I often get asked questions about the band plan for 2 meters (144 to 148 MHz). Usually, this is about choosing a suitable simplex frequency, because the repeater frequencies are already coordinated and visible.
I’ve written about 2m band plans before. This article attempts to cover the topic in a way that applies to all of the US. This is actually a challenge because VHF/UHF band plans are regional in nature.
I also wrote this article which is specific to the state of Colorado.
It is always best to check your local VHF band plan, usually supplied by the frequency coordinating body for your area. Typically, their main focus is coordinating repeaters but simplex frequencies are also listed. Most frequency coordinating bodies kind of follow the ARRL 2m band plan, while adapting it for local use.
Channel Spacing: 15 kHz or 20 kHz
A big issue for the 2-meter band is that some areas have adopted a 15-kHz channel spacing while others use a 20-kHz channel spacing. A typical FM signal is about 16 kHz wide, so the 15 kHz channel spacing is a bit tight but does allow for more channels (resulting in more adjacent channel interference issues). The 20-kHz spacing is “cleaner” but with fewer channels.
This map from the ARRL web site shows the channel spacing in use across the various states.
The channel spacing is driven by factors associated with repeater coordination, and simplex usage tends to adopt the same spacing. (There is no technical reason that simplex has to use the same channel spacing as the repeaters but that’s what usually happens.)
Some repeater coordinating organizations have done a good job of prescribing FM simplex frequencies. The Colorado 2m band plan (called the Frequency Use Plan) lists each simplex frequency individually. The Illinois Repeater Association uses a similar approach: Illinois 2m Band Plan. The Southeastern Repeater Association (SERA) 2m band plan is also very specific. Note that the SERA band plan indicates that some of the usual 2m simplex frequencies may be used as repeater pairs — an example of a local decision on frequency use.
The Arizona 2m band plan shows a range of frequencies to be used for FM simplex, such as 146.400 – 146.600 MHz along with a note that says the Even 20 kHz Frequencies should be used. So that means the preferred simplex frequencies in this range are 146.40, 146.42, 146.44, 146.46, 146.48, 146.50, 146.52, 146.54, 146.56, 146.58 and 146.60 MHz. Some repeater coordinating bodies just give the frequency segment allocated to FM simplex and don’t mention the channel spacing. And some organizations don’t say anything about FM simplex so you have to figure them out on your own.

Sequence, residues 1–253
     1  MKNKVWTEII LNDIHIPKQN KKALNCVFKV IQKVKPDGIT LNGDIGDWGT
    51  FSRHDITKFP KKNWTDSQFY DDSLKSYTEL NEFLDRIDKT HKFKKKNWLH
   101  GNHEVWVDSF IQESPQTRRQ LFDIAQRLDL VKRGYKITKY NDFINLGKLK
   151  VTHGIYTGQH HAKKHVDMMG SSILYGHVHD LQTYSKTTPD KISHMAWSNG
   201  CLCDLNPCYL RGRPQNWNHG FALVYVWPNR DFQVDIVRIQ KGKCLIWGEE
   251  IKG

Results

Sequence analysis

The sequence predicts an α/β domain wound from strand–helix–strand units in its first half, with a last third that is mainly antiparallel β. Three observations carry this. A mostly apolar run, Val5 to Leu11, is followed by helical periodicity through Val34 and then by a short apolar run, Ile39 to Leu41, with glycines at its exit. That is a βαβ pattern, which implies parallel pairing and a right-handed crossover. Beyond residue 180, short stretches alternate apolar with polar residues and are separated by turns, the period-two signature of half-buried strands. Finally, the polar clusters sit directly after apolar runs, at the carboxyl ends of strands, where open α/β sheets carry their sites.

So what do we make of all of this? When it comes to 2m FM simplex frequencies, try to find your local band plan. If it recommends 2m FM simplex frequencies, then follow that guidance.
If that doesn’t work, look at the map above to determine if your state uses 15 kHz or 20 kHz spacing. Then follow the guidance in the HamRadioSchool.com article: What Frequency Do I Use on 2 Meters?
|2M FM Simplex Frequencies (typical usage, check your local band plan)|
|15 kHz Channels||146.400, 146.415, 146.430, 146.445, 146.460, 146.475, 146.490, 146.505,146.520, 146.535, 146.550, 146.565, 146.580, 146.595 147.405, 147.420, 147.435, 147.450, 147.465, 147.480, 147.495,147.510, 147.525, 147.540, 147.555, 147.570, 147.585|
|20 kHz Channels||146.400, 146.420, 146.440, 146.460, 146.480, 146.500, 146.520, 146.540, 146.560, 146.580, 146.600 147.400, 147.420, 147.440, 147.460, 147.480, 147.500, 147.520, 147.540, 147.560, 147.580|
In all cases, remember that these are shared frequencies so you need to cooperate with other radio hams. If you bump into existing activity, go ahead and try another frequency. There are usually plenty of quiet simplex channels around.
The one simplex frequency that everyone does seem to agree on is the National Simplex Calling Frequency: 146.52 MHz. For some thoughts on how to use that frequency see: The Use of 146.52 MHz.
I do think that frequency coordination bodies would be wise to provide guidance on simplex channels. This is not frequency coordination but it helps the amateur radio community be more effective in using the spectrum.
73 Bob K0NR